How Is Working for an Accounting Firm Different Than Working for a Chain Tax Preparation Company?

People commonly associate accounting with tax preparation. For many individuals, preparing tax returns is the primary or only reason they need an accountant. Tax season is the time when national chain tax preparation services appear in seemingly constant advertisements. As an aspiring accountant, you may wonder how working for a tax preparation company compares to working at an accounting firm.

Required Education and Preparation

One major difference between working for an accounting firm and working for a tax preparation company is the education and career preparation required for each position. Jobs at accounting firms often require candidates to have advanced degrees and qualifications, including certification as a Certified Public Accountant (CPA). In fact, the United States Bureau of Labor Statistics (BLS) predicts that candidates for jobs in high-profile and prestigious accounting firms will continue to face steep competition.

Some national chain tax preparation companies, like H&R Block and Jackson Hewitt, have their own in-house training courses for candidates without relevant professional experience, though they may or may not be required for more experienced candidates. The aspiring workers may have to pay for these courses, which can cost up to a few hundred dollars. Depending on the company, taking the class may not guarantee that the candidate will be hired upon completion. However, tax preparation companies are often less selective than the most respected CPA firms. Some of them don’t require a degree or previous accounting experience at all, just completion of their own income tax preparation course.

Work Schedule

Work schedule is another difference between these types of jobs. Positions at CPA or accounting firms are typically meant to be permanent. Accountants in these work environments work full-time, and about 20 percent work more than 40 hours per week, according to the BLS. Tax season may equate to longer hours for these employees, but so will other events, like the end of the budget year.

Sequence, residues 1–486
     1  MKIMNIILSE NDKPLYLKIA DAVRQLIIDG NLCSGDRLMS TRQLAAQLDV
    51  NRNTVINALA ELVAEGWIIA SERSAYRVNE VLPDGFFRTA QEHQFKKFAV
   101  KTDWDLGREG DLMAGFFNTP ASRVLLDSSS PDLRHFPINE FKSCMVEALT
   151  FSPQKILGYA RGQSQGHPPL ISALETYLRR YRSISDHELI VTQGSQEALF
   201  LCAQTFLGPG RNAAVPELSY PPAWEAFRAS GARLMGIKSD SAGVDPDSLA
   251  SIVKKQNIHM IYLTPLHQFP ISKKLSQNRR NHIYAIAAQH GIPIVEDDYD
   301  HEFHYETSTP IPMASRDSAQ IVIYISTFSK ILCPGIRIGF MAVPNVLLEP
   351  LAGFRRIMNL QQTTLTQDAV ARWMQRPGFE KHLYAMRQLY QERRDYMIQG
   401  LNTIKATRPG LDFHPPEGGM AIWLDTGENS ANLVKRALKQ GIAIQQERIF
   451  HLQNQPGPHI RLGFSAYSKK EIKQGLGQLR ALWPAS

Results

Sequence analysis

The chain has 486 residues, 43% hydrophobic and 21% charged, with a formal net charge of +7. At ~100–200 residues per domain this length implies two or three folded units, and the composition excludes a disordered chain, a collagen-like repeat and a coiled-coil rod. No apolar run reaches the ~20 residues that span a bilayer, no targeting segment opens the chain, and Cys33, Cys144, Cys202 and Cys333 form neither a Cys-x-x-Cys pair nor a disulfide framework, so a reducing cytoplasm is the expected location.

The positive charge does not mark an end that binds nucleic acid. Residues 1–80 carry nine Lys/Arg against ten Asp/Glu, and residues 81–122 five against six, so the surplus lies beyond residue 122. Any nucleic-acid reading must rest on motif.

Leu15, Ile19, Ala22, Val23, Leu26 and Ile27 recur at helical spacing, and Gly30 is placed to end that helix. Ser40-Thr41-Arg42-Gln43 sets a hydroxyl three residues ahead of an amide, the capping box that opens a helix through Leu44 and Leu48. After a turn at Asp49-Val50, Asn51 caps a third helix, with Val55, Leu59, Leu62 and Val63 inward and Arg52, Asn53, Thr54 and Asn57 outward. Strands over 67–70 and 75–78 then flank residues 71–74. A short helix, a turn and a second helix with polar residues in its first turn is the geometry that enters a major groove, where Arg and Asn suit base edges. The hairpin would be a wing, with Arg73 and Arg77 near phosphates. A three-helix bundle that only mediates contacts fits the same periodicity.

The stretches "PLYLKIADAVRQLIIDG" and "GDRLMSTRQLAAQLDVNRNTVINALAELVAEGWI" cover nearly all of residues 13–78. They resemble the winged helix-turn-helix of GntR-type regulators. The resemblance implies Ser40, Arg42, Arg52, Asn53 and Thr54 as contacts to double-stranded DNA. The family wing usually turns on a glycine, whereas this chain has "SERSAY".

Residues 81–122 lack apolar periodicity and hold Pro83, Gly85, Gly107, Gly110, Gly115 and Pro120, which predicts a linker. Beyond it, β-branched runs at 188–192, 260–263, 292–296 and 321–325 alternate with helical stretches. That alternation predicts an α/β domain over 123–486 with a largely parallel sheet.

Positions at chain tax preparation companies are often seasonal. After all, these companies specialize in tax preparation rather than in providing a broad range of accounting services. Though some employees are certainly around longer, many are hired only for tax season. They often work part-time rather than full-time, and the hourly pay for these tax preparers is typically far less than the mean hourly wage of $34.86 that the BLS lists for accountants. Some former tax preparers at national chains report being paid in the ballpark of $8.00 to $10.00.

If you aspire to be an accountant and work in various aspects of the field, from auditing to budgeting, then working for a national tax preparation company probably isn’t your dream job. For aspiring accountants in college or transitioning from another career, though, a job with a tax preparation company may be able to help you gain some professional experience and decide whether tax preparation and accounting is a career path you would enjoy while earning some extra money.

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